Building a diagnostic evaluation model of knee osteoarthritis with Chinese medicine syndrome differentiation : a questionnaire tool developed via a Delphi process

Publication Type:
Thesis
Issue Date:
2019
Full metadata record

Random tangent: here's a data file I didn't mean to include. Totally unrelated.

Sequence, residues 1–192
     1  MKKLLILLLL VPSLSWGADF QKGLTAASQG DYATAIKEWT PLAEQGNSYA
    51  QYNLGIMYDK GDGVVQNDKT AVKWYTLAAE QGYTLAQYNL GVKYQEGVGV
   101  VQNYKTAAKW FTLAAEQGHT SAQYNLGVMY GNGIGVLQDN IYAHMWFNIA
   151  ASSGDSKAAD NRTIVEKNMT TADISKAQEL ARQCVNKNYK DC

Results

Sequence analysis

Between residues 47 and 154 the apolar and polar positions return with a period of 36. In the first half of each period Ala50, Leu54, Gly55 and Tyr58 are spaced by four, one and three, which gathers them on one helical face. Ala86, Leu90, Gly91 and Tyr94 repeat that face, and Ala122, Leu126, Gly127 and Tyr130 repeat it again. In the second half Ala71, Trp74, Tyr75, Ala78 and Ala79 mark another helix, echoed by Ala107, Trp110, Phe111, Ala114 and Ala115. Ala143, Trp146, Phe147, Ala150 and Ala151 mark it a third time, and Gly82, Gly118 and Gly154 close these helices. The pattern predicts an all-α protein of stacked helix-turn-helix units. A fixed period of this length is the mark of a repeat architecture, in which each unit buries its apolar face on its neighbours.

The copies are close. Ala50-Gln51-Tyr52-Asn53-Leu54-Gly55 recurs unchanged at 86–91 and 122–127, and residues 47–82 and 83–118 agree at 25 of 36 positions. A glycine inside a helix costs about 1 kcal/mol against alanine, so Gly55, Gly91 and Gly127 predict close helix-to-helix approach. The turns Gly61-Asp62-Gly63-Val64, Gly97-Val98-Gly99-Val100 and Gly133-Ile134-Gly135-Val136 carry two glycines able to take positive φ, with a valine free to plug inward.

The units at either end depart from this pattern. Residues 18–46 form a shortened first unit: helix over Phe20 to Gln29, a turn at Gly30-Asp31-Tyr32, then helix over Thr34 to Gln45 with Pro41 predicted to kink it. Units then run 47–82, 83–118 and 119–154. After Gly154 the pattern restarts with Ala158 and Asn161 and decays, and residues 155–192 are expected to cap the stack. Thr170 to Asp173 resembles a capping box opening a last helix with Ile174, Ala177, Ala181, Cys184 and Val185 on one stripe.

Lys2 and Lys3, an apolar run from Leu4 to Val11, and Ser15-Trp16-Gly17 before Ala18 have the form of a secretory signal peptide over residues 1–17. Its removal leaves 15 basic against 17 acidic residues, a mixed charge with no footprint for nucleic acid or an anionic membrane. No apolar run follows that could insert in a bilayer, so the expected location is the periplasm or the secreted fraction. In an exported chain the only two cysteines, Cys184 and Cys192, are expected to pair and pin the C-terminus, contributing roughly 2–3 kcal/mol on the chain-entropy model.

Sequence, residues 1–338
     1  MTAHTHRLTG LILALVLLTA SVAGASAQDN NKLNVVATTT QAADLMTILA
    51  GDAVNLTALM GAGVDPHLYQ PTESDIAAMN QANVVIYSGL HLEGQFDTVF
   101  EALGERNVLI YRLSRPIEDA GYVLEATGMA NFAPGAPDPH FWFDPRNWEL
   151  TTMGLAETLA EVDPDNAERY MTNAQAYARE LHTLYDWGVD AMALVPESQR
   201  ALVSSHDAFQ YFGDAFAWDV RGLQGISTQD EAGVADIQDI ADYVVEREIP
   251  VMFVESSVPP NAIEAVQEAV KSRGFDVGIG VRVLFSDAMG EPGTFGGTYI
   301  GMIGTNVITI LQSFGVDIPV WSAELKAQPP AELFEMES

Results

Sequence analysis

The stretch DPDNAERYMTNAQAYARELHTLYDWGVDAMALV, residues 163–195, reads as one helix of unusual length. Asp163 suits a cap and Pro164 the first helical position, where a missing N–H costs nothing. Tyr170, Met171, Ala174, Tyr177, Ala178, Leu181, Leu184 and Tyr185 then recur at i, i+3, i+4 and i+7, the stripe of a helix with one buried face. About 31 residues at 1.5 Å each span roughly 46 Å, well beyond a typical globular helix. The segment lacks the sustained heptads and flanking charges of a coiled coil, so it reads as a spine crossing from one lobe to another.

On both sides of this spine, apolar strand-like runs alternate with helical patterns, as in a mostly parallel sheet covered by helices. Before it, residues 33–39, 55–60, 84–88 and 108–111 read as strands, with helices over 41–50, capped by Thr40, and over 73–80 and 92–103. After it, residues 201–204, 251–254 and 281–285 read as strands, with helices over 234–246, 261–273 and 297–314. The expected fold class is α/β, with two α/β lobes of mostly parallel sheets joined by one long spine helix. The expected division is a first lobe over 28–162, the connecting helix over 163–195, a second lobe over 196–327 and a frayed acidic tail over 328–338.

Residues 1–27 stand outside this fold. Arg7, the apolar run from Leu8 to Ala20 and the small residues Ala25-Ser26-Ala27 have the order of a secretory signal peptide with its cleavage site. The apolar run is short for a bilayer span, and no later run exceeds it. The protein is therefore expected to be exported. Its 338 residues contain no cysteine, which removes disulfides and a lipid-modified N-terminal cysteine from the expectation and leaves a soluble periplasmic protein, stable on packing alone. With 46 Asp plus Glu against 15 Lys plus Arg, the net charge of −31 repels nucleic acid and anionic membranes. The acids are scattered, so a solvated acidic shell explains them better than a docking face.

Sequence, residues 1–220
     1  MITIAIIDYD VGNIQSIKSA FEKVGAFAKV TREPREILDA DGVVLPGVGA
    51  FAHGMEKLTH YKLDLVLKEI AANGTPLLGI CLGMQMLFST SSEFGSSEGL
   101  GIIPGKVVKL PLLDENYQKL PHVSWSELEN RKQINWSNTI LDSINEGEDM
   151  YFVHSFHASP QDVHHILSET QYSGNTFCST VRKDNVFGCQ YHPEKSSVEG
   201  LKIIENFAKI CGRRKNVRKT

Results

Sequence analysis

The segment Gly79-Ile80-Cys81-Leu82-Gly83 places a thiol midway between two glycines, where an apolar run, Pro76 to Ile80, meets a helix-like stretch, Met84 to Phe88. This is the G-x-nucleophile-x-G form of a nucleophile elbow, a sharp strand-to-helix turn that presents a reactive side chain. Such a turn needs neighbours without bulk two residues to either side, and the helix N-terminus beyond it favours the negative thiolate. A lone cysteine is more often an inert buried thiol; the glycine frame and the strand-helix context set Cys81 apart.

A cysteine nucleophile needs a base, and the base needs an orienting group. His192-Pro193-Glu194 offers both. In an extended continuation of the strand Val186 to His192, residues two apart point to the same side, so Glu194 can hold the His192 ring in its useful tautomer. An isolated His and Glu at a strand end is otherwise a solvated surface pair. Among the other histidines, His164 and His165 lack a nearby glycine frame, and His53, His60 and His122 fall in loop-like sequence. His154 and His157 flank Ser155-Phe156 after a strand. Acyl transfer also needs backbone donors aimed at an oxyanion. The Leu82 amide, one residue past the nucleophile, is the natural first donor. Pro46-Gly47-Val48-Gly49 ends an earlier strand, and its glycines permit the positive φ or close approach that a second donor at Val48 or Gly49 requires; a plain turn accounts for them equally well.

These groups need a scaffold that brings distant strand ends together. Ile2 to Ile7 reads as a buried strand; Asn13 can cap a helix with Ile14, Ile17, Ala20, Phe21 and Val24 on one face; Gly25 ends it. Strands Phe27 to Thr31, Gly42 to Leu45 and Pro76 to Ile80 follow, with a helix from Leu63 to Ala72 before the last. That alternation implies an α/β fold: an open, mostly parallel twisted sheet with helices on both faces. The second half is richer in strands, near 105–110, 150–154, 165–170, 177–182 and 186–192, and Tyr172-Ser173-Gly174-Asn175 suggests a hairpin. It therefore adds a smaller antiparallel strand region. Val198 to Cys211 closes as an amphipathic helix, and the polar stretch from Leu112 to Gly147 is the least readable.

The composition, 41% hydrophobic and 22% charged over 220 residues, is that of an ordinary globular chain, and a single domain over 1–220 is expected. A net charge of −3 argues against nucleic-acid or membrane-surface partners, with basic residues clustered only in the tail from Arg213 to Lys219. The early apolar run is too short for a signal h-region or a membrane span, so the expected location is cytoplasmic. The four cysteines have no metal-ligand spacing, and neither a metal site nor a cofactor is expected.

Introduction: Knee Osteoarthritis (KOA) is a chronic disorder characterised by substantial pain, stiffness, and functional loss affecting daily activities and life quality. Current treatments are symptomatic, addressing signs and symptoms but not the underlying disease process. Acupuncture is a popular alternative and/or intergrative treatment. Unfortunately, research reports only short term efficacy, contrary to clinical practice observations. Research protocols excluding bian zheng is one proposed reason for this difference; an important differentiation framework underpinning acupuncture point selection with a patient’s KOA type. This thesis therefore proposes pattern differentiation key to effective acupuncture KOA treatment. Aim: The project aims to develop a clinical questionnaire tool using pattern differentiation, to guide appropriate acupuncture point selection for treatment of KOA patients Specifically, this thesis investigates how patterns might be integrated into such a tool and investigates an initial draft design. Methods: Two research database reviews and a Delphi study comprise the thesis. The first literature review investigates Chinese Medicine (CM) pattern differentiation in the English research literature (Chapter II); the second compares the epidemiological KOA pattern profiling reported in the Chinese literature (Chapter III). The literature review results inform the development of a draft questionnaire tool to assist diagnostic differentiation using 𝘣π˜ͺ𝘒𝘯 𝘻𝘩𝘦𝘯𝘨. An anonymous, two round Delphi of the proposed questionnaire was subsequently undertaken (n=18), with consensus level set at 60% (Chapter IV). Results: The English literature review results (n=9) identified little CM pattern differentiation in reported KOA studies, despite some of the studies identifying the need for such. For the second literature review, the pattern profiles of KOA patients varied considerably, likely due to differences in geographical locations of the study populations. However, there were common 𝘣π˜ͺ𝘒𝘯 𝘻𝘩𝘦𝘯𝘨 diagnostic factors present once the more complex patterns were deconstructed. The Delphi results noted high levels of consensus with several single diagnostic factors (Kidney deficiency (85.7%), Spleen deficiency (71.4%), 𝘺𝘒𝘯𝘨 deficiency (64.3%), 𝘘π˜ͺ deficiency (64.3%), 𝘘π˜ͺ stagnation (64.3%), Blood stasis (85.7%), coldness (78.6%), dampness (85.7%) and heat (71.4%)). Consensus also occurred on seven other factors (64.3% to 100%), consistent with the CNKI studies. Conclusion: The questionnaire built using expert consensus may help practitioners or researchers incorporate 𝘣π˜ͺ𝘒𝘯 𝘻𝘩𝘦𝘯𝘨 into research design, assisting with inter-rater diagnostic agreement levels and reducing variability. This would be also supporting the construct validity and acupuncture point selection for KOA type. The methodology outlined can be replicated for other diseases.
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